“And though you think of the job we do as being technical on one level, it's also very people-intensive, because, often, we are our own front guard in making connections and introducing people to a project and asking for their cooperation. Besides researching what it is they do, you also have to be aware and respectful of their needs. We're asking for a lot sometimes, and one of the things that Eric and I have in common is we're people people, so we enjoy learning about these people and involving ourselves momentarily in their lives.”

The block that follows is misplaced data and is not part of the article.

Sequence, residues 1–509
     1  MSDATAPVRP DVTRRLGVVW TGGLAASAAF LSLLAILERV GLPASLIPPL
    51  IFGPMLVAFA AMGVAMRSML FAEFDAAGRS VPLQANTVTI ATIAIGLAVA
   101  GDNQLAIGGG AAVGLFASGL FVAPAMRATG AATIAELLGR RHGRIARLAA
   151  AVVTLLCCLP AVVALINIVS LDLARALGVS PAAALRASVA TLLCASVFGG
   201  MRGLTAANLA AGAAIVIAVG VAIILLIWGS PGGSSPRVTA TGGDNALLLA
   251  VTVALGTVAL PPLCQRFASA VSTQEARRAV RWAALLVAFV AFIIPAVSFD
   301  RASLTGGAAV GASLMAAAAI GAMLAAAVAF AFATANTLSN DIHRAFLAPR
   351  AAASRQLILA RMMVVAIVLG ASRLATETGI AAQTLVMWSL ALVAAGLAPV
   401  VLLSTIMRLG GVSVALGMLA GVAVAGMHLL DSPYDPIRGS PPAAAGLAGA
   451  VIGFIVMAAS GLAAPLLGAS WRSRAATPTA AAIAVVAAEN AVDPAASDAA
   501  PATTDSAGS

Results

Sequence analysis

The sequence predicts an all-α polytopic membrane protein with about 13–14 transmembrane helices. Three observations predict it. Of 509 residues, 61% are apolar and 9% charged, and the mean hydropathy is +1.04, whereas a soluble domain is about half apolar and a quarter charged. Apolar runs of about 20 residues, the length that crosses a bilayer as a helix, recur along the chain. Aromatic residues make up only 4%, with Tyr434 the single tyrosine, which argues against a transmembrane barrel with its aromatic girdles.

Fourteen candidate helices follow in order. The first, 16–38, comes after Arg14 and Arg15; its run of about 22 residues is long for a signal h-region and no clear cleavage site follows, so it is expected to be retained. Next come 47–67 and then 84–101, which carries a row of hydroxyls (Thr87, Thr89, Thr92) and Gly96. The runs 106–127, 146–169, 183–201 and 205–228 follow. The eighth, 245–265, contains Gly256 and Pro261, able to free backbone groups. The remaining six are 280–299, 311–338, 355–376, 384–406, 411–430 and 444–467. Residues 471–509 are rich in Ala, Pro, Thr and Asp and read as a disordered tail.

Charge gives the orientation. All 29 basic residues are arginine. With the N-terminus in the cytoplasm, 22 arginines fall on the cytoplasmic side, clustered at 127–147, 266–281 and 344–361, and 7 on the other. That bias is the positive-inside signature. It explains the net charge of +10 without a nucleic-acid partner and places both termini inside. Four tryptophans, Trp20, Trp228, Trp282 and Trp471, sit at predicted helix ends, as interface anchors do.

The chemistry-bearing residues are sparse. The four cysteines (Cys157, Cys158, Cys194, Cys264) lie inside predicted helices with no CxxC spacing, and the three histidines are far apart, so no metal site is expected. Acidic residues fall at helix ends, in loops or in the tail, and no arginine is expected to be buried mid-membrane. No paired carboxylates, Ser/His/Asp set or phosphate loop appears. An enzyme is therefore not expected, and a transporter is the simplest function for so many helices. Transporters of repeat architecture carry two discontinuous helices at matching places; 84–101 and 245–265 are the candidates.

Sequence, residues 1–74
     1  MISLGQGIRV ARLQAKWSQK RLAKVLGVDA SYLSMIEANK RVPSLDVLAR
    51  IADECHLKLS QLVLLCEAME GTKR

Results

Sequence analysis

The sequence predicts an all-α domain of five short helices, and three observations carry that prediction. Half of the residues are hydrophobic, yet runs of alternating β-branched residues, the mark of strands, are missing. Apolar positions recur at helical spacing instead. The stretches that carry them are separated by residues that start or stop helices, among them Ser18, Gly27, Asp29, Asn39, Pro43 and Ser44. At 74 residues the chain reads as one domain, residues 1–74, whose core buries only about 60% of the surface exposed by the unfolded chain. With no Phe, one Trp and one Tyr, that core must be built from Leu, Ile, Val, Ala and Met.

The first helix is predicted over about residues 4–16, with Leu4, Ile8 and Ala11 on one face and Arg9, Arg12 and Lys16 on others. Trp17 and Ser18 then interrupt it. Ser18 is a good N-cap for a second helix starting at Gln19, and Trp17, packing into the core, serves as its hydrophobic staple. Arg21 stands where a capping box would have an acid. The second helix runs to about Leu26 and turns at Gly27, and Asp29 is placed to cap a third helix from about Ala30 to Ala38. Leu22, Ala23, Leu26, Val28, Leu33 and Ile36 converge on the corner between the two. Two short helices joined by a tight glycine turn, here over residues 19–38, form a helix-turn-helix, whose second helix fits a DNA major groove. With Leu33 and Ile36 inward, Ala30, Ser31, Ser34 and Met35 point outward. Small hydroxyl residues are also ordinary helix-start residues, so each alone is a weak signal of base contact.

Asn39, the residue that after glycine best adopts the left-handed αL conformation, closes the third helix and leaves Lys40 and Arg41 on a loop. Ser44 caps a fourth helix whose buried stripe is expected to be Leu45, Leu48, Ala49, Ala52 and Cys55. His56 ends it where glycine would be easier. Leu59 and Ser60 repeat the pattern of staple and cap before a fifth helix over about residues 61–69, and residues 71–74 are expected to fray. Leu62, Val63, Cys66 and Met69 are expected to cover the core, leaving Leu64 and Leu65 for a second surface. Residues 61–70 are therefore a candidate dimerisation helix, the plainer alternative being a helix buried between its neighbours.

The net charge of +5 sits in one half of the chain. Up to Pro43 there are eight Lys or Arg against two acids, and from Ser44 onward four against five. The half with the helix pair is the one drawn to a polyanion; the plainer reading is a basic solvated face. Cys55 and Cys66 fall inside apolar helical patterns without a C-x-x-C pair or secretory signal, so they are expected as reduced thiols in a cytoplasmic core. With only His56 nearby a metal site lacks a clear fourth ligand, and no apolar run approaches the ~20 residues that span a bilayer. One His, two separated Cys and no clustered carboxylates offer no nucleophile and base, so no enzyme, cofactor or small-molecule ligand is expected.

Typically, Potter and Fasal are hired by a film's supervising sound editor, prioritizing their needs based around factors ranging from the film's shooting schedule — if they are going to capture some sounds on location during filming — to the requirements of various outside parties. Potter notes, “There's always enough time in our weeks to do the little things, too, because with the big things that require planning and scheduling, you may find you're on the phone for two days trying to arrange a session with the military or something that requires a lot of coordination and logistical aspects to be worked out. In between phone calls, you can record that alarm clock and the other little things.